Remy: Believe in the mission whilst accepting feedback. Consider that advisors only offer a partial perspective, collectively these can be invaluable. You’re right to want to talk to customers early and a lot of your greatest opportunities come by chance; talk to everyone and keep building.
Adam: Trust in the process, which should be built upon your discussions with potential customers. Focus on building and do not listen to those without skin in the game.
"You’re right to want to talk to customers early and a lot of your greatest opportunities come by chance; talk to everyone and keep building"
4. Do you have any advice for aspirational founders setting out on the early stages of their journey?
Rémy: Talk to customers. Sometimes biotech founders think they can just be heads down in the laboratory and worry about commercials later. That’s not the case. You must always be asking yourselves: Who will buy this? Otherwise what you’re working on may be best placed as open source or academic work, and this is great, but in different ways. Build something, this is where your company value comes from. Industry experience after your PhD is good for you, especially if you work at a company that is well-managed. It does not need to be a start-up. Managing a team and building a good strong product in a company is very different from what you are used to in academia.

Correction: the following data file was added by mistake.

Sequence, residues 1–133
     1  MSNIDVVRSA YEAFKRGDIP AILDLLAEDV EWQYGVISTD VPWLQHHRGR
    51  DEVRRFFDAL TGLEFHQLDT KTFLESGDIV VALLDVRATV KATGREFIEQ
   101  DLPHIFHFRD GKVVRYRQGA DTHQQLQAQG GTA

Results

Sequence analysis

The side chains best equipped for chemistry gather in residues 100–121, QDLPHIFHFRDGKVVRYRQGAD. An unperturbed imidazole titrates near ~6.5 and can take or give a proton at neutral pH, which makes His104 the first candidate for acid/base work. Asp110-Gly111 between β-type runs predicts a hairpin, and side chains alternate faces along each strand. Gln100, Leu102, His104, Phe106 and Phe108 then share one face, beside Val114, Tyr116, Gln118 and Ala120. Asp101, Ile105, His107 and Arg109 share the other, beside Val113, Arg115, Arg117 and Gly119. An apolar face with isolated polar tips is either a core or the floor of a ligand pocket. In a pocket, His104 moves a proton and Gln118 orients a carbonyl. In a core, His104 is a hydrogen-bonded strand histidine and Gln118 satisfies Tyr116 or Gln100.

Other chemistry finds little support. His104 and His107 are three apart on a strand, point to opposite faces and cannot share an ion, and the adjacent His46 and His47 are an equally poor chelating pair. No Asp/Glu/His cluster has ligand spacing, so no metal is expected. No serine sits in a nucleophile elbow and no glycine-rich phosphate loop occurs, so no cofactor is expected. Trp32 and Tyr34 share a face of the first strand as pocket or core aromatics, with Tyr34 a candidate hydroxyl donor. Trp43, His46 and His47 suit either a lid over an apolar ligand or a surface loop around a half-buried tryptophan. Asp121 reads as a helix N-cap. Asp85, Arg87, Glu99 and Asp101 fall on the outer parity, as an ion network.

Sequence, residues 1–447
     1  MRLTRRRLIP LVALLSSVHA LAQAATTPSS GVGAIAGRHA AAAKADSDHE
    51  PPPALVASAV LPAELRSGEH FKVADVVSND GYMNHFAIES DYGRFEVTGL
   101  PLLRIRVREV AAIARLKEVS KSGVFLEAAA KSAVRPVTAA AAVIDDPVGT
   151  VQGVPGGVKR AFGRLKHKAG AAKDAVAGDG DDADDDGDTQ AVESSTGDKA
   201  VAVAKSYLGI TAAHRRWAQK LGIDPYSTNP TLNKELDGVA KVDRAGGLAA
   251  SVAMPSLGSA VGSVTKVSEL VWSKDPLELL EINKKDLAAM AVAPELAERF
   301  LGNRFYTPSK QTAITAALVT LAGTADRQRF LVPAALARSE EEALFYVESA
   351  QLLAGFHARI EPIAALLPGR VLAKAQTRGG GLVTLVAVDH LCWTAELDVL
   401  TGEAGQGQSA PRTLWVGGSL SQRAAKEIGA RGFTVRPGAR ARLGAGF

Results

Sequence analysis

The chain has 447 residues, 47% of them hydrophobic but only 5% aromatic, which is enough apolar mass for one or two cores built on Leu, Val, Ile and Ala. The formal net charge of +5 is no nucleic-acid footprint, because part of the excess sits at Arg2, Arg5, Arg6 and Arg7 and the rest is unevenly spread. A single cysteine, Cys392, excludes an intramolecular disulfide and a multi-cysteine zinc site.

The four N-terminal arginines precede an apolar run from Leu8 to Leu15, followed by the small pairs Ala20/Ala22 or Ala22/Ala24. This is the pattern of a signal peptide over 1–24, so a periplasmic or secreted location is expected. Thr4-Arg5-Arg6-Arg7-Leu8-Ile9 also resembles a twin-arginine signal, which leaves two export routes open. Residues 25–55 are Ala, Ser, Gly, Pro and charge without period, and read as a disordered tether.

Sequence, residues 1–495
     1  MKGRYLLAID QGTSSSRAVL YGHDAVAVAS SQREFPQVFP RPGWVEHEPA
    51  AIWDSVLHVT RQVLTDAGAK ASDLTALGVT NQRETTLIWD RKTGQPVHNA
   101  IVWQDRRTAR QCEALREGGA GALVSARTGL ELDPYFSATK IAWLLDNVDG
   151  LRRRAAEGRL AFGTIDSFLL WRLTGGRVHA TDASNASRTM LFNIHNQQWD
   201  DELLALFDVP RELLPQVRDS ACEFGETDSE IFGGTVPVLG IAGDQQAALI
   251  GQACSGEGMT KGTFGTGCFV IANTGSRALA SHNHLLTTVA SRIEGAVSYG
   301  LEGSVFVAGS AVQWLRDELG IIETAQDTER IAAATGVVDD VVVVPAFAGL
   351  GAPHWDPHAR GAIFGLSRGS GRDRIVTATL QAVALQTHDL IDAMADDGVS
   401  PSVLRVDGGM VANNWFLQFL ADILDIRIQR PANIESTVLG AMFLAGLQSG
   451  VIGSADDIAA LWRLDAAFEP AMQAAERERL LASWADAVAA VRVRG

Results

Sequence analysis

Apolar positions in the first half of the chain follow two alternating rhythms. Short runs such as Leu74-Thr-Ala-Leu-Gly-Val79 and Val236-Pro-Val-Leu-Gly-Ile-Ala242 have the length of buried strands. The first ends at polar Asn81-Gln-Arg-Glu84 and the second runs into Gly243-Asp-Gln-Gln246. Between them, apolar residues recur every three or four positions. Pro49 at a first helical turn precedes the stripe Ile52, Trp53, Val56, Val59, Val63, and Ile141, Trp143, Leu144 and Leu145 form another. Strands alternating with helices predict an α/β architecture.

Adam: Stay focused, talk to customers, and keep building. Keep using first principle thinking, look for the ground truths technologically (product) and socially (customers).
5. What is your biggest achievement to date with Turing Biosystems?
For us, it’s not one big achievement but much more of a daily appreciation for what we have done, and the opportunity we see for the future of care. It’s working every day with people in pharma, biotech, and clinicians that are trusting us financially, with their time, and resources to help discover new ways to optimise patients’ responses to their therapies. These people are busy and focused on either treating cohorts of patients or managing drug discovery and clinical trials in their hospitals and companies. They take time to work with us, with our platform, and with exciting results beginning to emerge we’re enthused about improving patient outcomes.
We prefer to look at this continuous process and see every day as an opportunity to push forward as opposed to celebrating small wins because we believe so much can, and will be done.
6. What’s next?
We’re building day by day and remain focused on our mission to accelerate the convergence of computation and biology for better health. Speaking generally, we’ll continue to expand our platform and AI offering with a view to equipping more clinicians and biopharma companies with tools to innovate in the immune-oncology space.
We prefer to look at this as a continuous process and see every day as an opportunity to push forward as opposed to celebrating small wins because we believe so much can, and will be done.